Are you worried that your cat might have fleas?  Flea infestations can be serious and bothersome to deal with.  Fleas can also spread to other animals that are in close proximity.  Their bites cause inflammation and irritation, and are often hard to find and frustrating to remove, burrowing deep into your cat’s coat.  

All things considered then, the best strategy for dealing with fleas is to spot them as early as possible.  Here’s some signs to watch out for and steps you can take to detect the presence of fleas on your cat.

Behavioral Signs

Unless your cat is the subject of a strong case of fleas, you probably won’t be able to see the little creatures themselves, especially early on. However, your cat will likely exhibit some telltale behavioral symptoms that come along with having fleas.

Flea bites are itchy and irritating, so be on the lookout for more frequent biting or scratching at isolated places on her coat. Excessive shaking of the head or other parts of the body might be indicative of a reaction to fleas (trying to shake them off). Further, if you notice more licking and grooming than normal, this can also be a sign of a new flea infestation. Keep in mind that cats will sometimes groom out fleas from their coat, making it harder for you to spot the evidence, but this won’t stop them from multiplying.

If your cat begins steering clear of particular spots in your home, they may have noticed that they get bitten more in those places. Flea larvae and eggs can be in carpet and under furniture, and your cat may have noticed and taken care to avoid them.

Mood changes that look like increased aggression, anxiety or stress may be the result of fleas, as your cat might get understandably frustrated at constantly feeling a skin irritant. General restlessness and discomfort are also common signs of fleas – if something seems off, it might be worthwhile to take a look sooner rather than later.

Checking Their Fur and Skin

To take a closer look and see whether you can spot any fleas, take a flea comb and run it through your cat’s coat, over it’s back and legs. The flea comb is a necessity because the small, closely set teeth on the comb will give you a much better shot at catching the tiny creatures, while using a normal comb allows them to slip right between the teeth.   When combing, make sure to get as close to the skin as you can, which will help increase your shot of catching the creatures in the skin where they are burrowed.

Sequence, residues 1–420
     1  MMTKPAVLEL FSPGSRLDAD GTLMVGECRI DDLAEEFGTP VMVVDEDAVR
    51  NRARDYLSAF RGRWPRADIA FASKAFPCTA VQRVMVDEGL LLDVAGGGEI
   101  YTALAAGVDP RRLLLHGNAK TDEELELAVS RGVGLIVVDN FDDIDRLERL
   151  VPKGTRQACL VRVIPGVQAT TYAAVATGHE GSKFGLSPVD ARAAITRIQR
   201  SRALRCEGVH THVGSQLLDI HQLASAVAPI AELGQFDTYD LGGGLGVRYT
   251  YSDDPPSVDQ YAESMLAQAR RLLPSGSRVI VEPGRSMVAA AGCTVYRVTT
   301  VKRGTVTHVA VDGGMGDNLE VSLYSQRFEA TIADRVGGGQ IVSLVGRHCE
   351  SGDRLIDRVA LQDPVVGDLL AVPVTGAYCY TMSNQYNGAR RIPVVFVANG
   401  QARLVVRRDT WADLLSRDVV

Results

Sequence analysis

Fleas are very small, dark brown flat insects so can be difficult to see with the naked eye.  What’s more, they can move quickly by jumping quite high, so you may have to be fast and vigilant with the comb. 

How To Tell If Your Cat Has Fleas

In addition, turn your cat on her back and pay special attention to areas that are warm and dry, where fleas tend to feel most at home.  These include under the armpits and the groin area.  Having some warm, soapy water nearby can be useful, in case you do find any live fleas and need to dispose of them.  

Other Signs and Symptoms

In severe cases of fleas, your cat may develop anemia from excess blood loss.  If your cat’s gums become pale or you notice a colour change in their skin, or if they become extremely tired and experience muscle loss, contact your vet immediately.  At this point, fleas have led to a much more serious medical condition.

Cats that have been scratching themselves excessively because of fleas can also have dry, red or bumpy skin.  Of course, this is more likely to show up on the bits of your cat with the most exposed skin, like the ears, belly, groin, or base of the tail.  Your cat may also be allergic to a flea’s bite, which can cause scab like skin lesions, redness, hair loss and inflammation.

Fleas living in a cat’s fur also means flea feces are left behind, so if you are having trouble spotting the little creatures themselves, take a look for their waste product.  An easy way to check for flea feces is to brush your cat over a white towel and watch for any black specs that might fall off while grooming.  If spraying some water on those specs turns them into a dark red and brown color, then they are bits of digested blood that the fleas have left behind.  Another common place to find flea feces is in your cat’s bed or sleeping area, so don’t forget to take a look.